Susan Popoola

Leveraging The Value of People
December 21st, 2013

Food Banks

Little deeds of kindness,

little words of love,

make our earth an Eden,

like the heaven above.

Little Drops of Water

by Julia Carney, 1845

Most people have at some point in time gone through one or two tough patches – be it that they last for weeks, months or sadly even years. For some people the worst of a tough patch may mean the need to cut back on expenses. For others it may mean that people struggle to pay bills and even to put food on the table. This is a problem that is heightened during a recession.

Fortunately for people in Milton Keynes that are faced with such situations there are two food banks that I am aware of that aim to support people during these times.

There is one based at St Mary’s Church through which they work along with a number of other local churches collect food contributions which are then delivered to people in need.

They work in conjunction with the other food bank, which is based at Milton Keynes Christian Centre, and is registered as an independent charity which works with different agencies across Milton Keynes to support people in need.

Milton Keynes Food Bank operates on a voucher/referral system whereby people who visit a number of different agencies within

191the City and are identified as people with highlighted needs, inclusive of those provided for by the Food Bank, are provided with vouchers which enable them to go to the food bank to obtain a free food parcel.

Food for the food banks comes from local community and church congregation members who make donations of tinned and dried food or finance (for the purchase of food). One of the great things is that the people who donate include people who may have benefited from the food banks in the past, such as a lady who benefited from a food bank during a tough period when she had a small baby. Recognising that the food bank did not store baby food, she made a decision to donate baby food. In addition there are a number of organisations (both within and outside of Milton Keynes) such as New Covent Garden Food which also donate to the food bank.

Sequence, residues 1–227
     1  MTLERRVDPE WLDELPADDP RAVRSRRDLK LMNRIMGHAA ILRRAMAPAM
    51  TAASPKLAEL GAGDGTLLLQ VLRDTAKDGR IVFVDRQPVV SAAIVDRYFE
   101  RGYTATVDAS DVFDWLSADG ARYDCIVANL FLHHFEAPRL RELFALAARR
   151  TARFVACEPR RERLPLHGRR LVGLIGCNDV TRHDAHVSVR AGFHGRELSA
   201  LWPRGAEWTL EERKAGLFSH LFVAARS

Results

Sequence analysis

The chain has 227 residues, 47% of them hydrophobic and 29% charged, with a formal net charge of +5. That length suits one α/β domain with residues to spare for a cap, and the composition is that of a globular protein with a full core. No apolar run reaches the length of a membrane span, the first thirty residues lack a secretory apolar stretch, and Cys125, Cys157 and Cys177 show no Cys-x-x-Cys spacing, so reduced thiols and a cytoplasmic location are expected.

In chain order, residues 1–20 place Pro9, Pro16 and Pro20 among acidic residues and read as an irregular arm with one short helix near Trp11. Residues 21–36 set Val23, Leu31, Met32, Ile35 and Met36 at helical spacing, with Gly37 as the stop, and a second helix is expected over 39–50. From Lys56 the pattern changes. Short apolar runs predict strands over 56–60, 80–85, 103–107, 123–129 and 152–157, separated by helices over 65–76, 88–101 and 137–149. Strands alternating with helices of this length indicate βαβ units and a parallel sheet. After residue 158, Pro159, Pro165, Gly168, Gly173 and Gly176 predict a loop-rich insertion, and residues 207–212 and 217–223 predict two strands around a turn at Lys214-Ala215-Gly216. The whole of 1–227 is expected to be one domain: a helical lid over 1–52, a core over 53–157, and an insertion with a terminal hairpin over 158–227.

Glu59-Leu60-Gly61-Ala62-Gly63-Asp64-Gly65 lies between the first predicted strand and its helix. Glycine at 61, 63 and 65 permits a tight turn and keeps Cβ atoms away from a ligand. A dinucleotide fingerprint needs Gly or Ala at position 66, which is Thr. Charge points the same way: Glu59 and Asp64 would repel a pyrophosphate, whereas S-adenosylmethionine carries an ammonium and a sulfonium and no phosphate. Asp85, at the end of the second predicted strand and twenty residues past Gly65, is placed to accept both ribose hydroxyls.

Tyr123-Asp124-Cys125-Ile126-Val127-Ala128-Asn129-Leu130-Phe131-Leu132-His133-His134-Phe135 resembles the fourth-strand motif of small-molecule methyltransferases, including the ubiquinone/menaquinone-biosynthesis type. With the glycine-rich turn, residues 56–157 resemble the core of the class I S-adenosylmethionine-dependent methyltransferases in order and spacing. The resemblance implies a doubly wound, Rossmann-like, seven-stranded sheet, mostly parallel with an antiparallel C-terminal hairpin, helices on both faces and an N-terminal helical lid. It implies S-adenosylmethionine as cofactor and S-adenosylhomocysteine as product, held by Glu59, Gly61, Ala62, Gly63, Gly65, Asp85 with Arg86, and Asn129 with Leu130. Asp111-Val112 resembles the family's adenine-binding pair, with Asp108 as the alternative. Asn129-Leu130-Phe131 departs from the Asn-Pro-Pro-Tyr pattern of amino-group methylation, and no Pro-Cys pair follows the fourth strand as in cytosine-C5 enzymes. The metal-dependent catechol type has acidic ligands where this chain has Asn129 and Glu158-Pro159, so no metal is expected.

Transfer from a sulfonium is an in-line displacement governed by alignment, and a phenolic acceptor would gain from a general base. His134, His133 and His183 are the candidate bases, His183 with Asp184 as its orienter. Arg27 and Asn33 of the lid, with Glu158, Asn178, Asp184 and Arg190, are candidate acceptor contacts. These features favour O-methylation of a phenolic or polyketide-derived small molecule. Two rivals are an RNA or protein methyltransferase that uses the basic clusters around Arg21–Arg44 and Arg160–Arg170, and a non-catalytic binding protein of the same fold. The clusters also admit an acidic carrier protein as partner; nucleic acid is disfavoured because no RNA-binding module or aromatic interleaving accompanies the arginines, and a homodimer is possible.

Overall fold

When I learnt about the food bank, I made a decision to make a monthly contribution to it. Specifically I give myself a monthly budget which has changed over time from £5.00 to either £10 or £20 dependant on my budget for the month. (The change in amount is aimed at covering rises in the cost of living). In the grand scheme of things it’s not a significant amount of money for me; I often spend that amount or more on a night out. But that’s not the point.

Initially, on my designated food bank weekend, I go to the shops with my shopping budget, normally in cash as to meet my objectives, it is important that I keep within my budget. The task is to buy something reasonable within my budget for a family, couple or individual, ensuring that I only buy for them things that I would buy myself. Subsequently, as I don’t generally buy economy products for myself, I don’t buy them for anyone else. I generally find it challenging to walk out of the shop with something reasonable within my budget, but I make it a point to stick within my budget, because I want to put myself in that position so that I have a greater understanding and empathy for the people I’m helping. In time I discovered that the Food Bank actually has at least of products that it provides people with, so I changed my approach and now buy things off the list.

At times like Christmas, I often leave the shops feeling quite sad. For some reason (maybe it’s my imagination,) things seem to be more expensive at Christmas, but there are still an overwhelming number of people walking around filling their trolleys until they nearly overflow as I carry a little basket, trying to pick up a few things that are actually affordable. I often wonder whether they will ever be able to eat all that food over the Christmas period and question what Christmas is now about. But this is not the point either.